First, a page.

• Thursday , 20 September 2018
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The Spaghetti Letters – why is there evaporated milk in my sauce?

The Spaghetti Letters – why is there evaporated milk in my sauce?

I want my own version of Filipino Spaghetti.  A mix of tart and sweet, with sliced up hotdogs, a thick tomato sauce and ketchup, and just a dash of milk to thin the sauce.  A friend asked why I didn’t stick to an authentic recipe that uses evaporated milk or condensed milk and banana ketchup.  Maybe I’m adulting. My palate has changed and wants to accommodate both the Filipino Spaghetti I had when i was a child and my favorite tart Italian-American Sauce here in the USA.

My curiosity behind the red noodle delight made me reach out to Nastasha Ali of Exploring Filipino Kitchens.  Nastasha is a food writer, recipe developer and food tour guide based in Toronto.  She also is an avid Filipino Food history and cookbook enthusiast.  Episodes on her Filipino Food audio show can be found here https://www.exploringfilipinokitchens.com/episodes/

Here is my letter to Nastasha and her response below:

Hi Nastasha,

How are you? I’ve been thinking about the origins of Filipino Spaghetti.  It is such an odd dish that has strayed far away from it’s Italian version.  The thick tomato meat sauce is closer to American Spaghetti but it’s said that Filipino Spaghetti was patterned after Japanese Spaghetti Napolitan.

Of course I think, in true Pinoy fashion, we mixed all the spaghetti sauce recipes from different countries and turned it into our own Filipino Spaghetti. Even then, there isn’t one true recipe in the Philippines since some use banana ketchup when others don’t, and some even add evaporated milk or condensed milk!

Here are some thoughts/notes I gathered to try and trace the evolution of Filipino Spaghetti:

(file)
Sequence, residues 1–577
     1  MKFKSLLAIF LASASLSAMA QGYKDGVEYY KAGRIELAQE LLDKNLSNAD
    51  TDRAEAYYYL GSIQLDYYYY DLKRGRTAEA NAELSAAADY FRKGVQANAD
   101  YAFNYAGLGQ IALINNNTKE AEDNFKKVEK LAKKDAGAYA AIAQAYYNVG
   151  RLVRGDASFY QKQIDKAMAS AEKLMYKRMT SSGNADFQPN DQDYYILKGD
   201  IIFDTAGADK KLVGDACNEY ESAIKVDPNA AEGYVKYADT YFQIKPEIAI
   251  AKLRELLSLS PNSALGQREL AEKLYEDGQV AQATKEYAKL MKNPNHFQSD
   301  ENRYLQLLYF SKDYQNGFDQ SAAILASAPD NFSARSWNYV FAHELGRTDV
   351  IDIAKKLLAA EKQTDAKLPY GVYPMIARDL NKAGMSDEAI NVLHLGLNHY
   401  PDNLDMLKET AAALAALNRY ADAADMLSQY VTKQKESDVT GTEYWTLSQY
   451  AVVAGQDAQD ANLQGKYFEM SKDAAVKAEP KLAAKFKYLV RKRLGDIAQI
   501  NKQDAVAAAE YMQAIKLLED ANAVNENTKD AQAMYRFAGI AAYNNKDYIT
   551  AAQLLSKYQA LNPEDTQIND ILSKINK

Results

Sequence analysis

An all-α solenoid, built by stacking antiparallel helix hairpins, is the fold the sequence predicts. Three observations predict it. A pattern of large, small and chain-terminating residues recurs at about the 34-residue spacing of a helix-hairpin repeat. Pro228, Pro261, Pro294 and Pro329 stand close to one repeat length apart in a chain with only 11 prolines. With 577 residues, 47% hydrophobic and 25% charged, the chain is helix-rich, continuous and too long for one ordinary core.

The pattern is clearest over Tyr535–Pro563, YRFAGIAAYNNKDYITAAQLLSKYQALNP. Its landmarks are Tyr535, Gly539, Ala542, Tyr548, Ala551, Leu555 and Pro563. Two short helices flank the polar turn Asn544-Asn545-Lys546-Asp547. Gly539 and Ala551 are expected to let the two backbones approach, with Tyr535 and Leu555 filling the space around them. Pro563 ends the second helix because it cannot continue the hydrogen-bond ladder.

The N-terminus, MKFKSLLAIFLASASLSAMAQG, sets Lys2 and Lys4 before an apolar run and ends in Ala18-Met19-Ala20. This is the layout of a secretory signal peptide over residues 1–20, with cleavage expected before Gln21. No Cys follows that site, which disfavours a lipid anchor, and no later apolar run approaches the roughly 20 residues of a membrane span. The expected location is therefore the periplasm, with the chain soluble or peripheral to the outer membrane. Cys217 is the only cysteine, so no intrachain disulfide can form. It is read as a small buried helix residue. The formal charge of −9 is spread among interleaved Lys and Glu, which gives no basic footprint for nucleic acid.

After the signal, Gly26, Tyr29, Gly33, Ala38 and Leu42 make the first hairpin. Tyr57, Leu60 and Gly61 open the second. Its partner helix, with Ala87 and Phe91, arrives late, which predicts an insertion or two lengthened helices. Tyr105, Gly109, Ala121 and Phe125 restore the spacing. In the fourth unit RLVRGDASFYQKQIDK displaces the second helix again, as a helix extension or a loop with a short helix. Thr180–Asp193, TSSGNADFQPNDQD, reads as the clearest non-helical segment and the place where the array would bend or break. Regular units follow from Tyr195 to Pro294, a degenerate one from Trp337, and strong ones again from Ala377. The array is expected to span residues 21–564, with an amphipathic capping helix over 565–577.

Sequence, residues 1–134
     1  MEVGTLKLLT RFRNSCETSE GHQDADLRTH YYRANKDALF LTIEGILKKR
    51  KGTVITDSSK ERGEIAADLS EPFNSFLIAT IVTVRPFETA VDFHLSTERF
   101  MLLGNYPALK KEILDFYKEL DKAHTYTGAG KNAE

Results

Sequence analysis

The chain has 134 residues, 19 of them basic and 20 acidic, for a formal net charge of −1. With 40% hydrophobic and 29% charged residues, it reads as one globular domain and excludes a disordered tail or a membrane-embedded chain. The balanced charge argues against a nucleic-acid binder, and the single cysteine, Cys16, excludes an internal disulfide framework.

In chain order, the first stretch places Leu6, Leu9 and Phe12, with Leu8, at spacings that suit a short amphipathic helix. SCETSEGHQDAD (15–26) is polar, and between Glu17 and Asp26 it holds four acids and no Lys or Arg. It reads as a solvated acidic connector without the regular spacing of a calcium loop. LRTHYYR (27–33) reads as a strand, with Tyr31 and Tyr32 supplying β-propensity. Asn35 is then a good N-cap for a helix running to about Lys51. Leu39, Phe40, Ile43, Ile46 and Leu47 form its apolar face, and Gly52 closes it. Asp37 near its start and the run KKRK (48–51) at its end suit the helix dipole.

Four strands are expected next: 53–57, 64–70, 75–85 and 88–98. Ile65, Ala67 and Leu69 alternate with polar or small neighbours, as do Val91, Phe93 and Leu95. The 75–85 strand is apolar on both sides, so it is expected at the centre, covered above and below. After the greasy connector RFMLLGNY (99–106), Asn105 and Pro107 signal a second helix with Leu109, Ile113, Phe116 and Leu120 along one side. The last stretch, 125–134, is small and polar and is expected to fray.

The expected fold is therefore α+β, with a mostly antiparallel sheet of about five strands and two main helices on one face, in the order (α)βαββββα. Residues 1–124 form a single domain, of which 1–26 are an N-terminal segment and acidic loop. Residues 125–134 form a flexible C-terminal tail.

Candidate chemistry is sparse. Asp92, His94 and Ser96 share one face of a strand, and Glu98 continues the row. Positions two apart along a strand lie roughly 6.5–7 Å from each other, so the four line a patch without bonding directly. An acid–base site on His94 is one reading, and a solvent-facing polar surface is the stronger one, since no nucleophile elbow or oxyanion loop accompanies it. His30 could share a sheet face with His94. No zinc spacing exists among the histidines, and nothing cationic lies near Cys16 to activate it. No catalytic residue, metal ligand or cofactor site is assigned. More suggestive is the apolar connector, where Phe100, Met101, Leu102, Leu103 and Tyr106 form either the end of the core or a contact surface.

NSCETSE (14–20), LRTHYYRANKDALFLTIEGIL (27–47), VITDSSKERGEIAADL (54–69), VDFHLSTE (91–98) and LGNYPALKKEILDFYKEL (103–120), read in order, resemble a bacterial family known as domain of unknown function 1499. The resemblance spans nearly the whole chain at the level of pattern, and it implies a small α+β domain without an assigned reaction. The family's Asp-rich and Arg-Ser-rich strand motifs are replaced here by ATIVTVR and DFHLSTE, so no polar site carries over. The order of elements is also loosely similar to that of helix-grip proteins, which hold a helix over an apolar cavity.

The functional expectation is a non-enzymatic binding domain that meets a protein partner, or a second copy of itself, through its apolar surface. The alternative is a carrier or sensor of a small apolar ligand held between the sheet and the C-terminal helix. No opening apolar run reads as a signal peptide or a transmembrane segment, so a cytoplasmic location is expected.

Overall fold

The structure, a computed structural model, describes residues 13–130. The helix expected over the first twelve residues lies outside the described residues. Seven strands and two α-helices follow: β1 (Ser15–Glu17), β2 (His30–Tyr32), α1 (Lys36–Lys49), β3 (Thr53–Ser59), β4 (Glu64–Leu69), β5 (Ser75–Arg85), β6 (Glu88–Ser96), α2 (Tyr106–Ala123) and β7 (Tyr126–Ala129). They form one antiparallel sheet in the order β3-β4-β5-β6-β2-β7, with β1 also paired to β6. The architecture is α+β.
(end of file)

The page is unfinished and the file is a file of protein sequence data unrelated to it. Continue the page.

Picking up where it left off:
• The Japanese and Filipino recipes both use tomato ketchup.
  • The Japanese version (Spaghetti Napolitan) was created by chef Shigetada Irie.  He was inspired by US military food rations which was spaghetti mixed with tomato ketchup (Wikipedia)
  • Spaghetti Napolitan (Japan) has no meat in it
  • Neopolitan Ragu (Naples, Italy) is a tomato based sauce with cut slices of beef, usually served over pasta
  • Banana Ketchup – it is said that this red colored banana sauce concoction began to replace the tomato based spaghetti sauce in World War II due to the lack of tomatoes during the war.
  • Maria Oroso, the inventor of Banana Ketchup passed away in 1945 at 52 years old.  I wonder if there was enough time to market the product during WWII (1941-1945)?  It does make sense for banana ketchup to gradually gain popularity in the years after the war since it is sweeter, less tangy/tart, and more versatile.

Most of my info was gathered from The Origin of Filipino Spaghetti here

Some recipes use evaporated milk or condensed milk in the spaghetti sauce.

I’m shocked about the use of evaporated milk or condensed milk.  I can’t even begin to trace when this odd (but delicious) ingredient was added in the sauce. Maybe it’s the lack of fresh cream in the Philippines?

The Possible Evolution of Filipino Spaghetti

Neopolitan/Italian Ragu = America = WWII US military food rations = Japanese Napolitan = Philippines = American Spaghetti Meat Sauce = Banana Ketchup = Sugar and Hotdogs = Evaporated Milk or Condensed Milk just because whoever he/she is in our Filipino Food History decided it was a good idea.

Filipino-Spaghetti - a new recipe that's a delicious mix of sweet and tart flavors

Here are my questions for you:

  1. What is your memory of Filipino Spaghetti?
  2. What are your thoughts or theories about the history of the dish?
  3. What do you think about the use of evaporated milk?
  4. Tomato Ketchup vs Banana Ketchup, what would you prefer and why?
  5. How would you modify the recipe to cater to a western palate while still staying true to it’s Filipino origin?

Thanks for your time and hope to meet you soon!

Best,

Vanessa

Filipino-Spaghetti - a new recipe that's a delicious mix of sweet and tart flavors

Hi Vanessa,

I’m sorry for the delay with this. Last week became a bit busier than I expected! Please find some thoughts below 🙂

1. What is your memory of Filipino Spaghetti?